Sick leave and time off for injuries is always a mysterious and terrifying area. Most people can’t afford to lose their jobs, so taking time off doesn’t feel like an option. You don’t want to lose your job, but sometimes there isn’t a choice. This post should help you to understand how to go about taking time off, and how you can even make money out of the time.
Know The Law and Your Rights
Understanding the law is key when it comes to taking time from work. In a lot of countries, it’s illegal for you to work with food within 24 hours after throwing up. And in some places, you can’t work under fluorescent lights if you have a migraine. Below are a few things for you to research before taking time off.
- What illnesses can you work with?
- Is your employer required to pay you for time off?
- Will you be able to prove you were ill or injured?
These are just a few ideas, and you’ll need to do your own research. The law differs so much from place to place; you may find that the rules are different to other places that you’ve worked.
In some cases of injury, in could be the employer’s fault. If this is the case, you’re probably entitled time off and compensation. Talk to your employer first, and give them the option to settle it with you privately. If they refuse, use a company like SiebenCarey or InjuryLawyers4U to settle the dispute. They will handle all of the legal matters, and won’t take cases they don’t expect to win.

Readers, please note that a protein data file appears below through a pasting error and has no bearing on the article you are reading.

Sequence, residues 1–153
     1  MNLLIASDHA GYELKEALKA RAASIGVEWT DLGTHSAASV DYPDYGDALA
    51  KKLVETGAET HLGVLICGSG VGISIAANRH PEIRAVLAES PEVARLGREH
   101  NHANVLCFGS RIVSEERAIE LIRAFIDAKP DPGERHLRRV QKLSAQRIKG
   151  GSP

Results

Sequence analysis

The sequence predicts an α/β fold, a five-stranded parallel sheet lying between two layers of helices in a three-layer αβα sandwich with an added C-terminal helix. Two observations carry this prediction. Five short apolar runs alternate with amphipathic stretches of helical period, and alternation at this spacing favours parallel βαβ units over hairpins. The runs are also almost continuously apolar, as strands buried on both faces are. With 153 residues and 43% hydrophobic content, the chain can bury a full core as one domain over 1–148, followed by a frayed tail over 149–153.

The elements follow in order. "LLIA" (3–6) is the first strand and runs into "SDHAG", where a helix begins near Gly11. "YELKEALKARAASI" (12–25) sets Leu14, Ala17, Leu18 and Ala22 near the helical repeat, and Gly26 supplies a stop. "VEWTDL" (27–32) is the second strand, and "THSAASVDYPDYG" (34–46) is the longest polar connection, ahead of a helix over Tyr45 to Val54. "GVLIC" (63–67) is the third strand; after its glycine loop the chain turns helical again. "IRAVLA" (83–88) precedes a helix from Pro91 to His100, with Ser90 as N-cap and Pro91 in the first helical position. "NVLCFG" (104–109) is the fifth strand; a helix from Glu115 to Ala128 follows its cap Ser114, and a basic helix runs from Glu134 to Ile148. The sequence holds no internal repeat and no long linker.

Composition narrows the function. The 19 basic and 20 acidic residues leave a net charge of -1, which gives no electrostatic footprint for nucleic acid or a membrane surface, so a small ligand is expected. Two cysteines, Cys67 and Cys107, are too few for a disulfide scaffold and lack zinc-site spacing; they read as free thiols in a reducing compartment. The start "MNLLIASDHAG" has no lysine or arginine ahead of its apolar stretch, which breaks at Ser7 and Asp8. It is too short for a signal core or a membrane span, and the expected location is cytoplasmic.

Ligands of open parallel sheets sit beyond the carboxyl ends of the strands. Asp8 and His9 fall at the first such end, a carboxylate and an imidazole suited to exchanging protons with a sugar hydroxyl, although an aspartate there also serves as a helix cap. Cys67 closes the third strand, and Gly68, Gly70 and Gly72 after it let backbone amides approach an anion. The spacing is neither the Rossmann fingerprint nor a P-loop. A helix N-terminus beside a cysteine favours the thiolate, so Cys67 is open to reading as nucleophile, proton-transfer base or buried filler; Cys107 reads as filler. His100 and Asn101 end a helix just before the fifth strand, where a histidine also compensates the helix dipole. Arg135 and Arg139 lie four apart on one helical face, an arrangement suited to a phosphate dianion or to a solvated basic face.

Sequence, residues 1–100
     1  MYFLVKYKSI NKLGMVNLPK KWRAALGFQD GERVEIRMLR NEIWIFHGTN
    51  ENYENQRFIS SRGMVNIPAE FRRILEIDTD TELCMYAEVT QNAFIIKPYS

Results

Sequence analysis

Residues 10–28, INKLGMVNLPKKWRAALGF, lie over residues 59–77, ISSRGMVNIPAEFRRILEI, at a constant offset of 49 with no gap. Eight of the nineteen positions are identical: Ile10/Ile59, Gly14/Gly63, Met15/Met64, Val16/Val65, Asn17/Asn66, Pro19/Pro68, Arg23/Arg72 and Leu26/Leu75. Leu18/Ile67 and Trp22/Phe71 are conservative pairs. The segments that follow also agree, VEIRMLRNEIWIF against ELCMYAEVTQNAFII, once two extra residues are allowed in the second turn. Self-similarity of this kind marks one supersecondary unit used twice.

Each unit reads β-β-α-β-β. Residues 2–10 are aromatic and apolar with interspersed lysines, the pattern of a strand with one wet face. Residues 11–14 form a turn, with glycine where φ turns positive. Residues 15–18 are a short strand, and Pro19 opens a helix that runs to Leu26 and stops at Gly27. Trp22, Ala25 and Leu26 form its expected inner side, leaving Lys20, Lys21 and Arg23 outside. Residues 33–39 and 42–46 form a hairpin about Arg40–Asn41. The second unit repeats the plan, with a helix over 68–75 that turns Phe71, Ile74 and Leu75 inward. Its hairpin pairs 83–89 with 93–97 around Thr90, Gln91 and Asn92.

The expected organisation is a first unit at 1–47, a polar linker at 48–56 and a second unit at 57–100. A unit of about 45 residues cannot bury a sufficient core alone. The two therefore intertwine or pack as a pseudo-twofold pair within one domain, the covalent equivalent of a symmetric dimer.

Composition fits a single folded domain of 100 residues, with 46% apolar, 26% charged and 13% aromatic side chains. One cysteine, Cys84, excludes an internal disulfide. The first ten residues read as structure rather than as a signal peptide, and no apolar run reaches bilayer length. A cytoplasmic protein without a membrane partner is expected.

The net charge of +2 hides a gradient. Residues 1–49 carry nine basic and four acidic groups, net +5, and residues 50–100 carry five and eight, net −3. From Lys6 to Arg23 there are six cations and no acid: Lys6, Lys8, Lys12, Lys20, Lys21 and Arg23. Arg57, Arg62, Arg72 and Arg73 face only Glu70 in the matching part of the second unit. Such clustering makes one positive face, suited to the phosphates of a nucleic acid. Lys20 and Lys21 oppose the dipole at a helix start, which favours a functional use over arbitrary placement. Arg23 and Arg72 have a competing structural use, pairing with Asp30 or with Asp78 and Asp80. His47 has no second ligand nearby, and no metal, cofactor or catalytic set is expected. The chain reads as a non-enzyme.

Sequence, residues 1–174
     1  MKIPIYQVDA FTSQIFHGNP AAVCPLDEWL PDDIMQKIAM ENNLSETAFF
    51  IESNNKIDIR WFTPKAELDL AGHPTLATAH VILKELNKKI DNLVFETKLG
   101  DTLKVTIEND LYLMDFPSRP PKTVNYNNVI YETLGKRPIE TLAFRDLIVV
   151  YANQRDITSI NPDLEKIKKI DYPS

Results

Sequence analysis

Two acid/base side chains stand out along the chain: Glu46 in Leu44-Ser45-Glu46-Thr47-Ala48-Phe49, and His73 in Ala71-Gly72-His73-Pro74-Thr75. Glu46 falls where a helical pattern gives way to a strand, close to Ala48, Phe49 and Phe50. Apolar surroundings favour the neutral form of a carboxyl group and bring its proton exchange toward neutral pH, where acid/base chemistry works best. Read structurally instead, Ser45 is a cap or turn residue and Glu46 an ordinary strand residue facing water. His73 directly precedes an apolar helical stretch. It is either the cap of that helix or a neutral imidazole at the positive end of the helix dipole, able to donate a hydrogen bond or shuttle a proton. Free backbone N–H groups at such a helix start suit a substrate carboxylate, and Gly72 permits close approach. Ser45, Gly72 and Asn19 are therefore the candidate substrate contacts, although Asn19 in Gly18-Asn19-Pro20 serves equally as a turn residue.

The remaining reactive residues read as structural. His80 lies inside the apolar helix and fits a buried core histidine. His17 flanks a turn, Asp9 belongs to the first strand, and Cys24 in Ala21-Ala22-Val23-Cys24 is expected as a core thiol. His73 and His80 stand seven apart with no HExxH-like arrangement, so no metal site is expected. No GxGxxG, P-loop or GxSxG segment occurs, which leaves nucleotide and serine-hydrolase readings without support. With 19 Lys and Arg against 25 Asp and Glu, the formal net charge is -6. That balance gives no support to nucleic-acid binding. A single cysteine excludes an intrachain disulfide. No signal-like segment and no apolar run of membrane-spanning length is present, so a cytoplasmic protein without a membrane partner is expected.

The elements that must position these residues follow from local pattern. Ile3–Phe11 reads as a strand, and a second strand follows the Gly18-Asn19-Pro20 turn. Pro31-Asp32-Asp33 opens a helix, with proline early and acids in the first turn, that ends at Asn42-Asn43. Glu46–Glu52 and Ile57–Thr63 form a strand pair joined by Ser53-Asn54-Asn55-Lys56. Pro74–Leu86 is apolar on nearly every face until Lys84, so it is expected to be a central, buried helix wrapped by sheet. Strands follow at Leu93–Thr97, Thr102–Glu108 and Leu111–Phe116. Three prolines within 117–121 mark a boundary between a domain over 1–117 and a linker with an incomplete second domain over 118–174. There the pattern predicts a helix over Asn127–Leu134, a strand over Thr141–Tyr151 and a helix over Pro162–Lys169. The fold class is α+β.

Know Company Policy and Your Contract
A lot of companies will measure sickness and time off using a system like the Bradford Factor Scale. These are used to place each employee on a scale. The scale represents how much time they’ve taken off, over how many periods. This means that it can be better to take a week off; instead of having 2 days off, a day at work, and then 2 more days off. Learn how your company does things, and then act accordingly.
Your contract should stipulate how much time you can have off, and what you’ll need to do if you take time off. Read your contract, and make sure that you’re not breaking any rules. A lot of companies require a doctor’s note to prove sickness. The earlier the date on the note, the better.
It Can’t Hurt To Ask
If you’re unsure about company policy, or your contract, ask your boss. You shouldn’t get in trouble for being conscientious when it comes to time off. If anything, it can look better to go out of your way to make sure you’re not pushing it. Just be careful not to sit at the limit of acceptability. This will make your time off look deliberate.
You’re the only one who can truly tell how you feel. Be realistic about your ability to work. Most of the time, you take a sick day to avoid spreading the illness. If you’ve got a sniffle or a headache, you can probably still do your job. It’s a lot better to be sent home sick than to take the time yourself.
Hopefully, this will shed light on time off in the workplace. Remember to be careful, and do research to get information about your local area.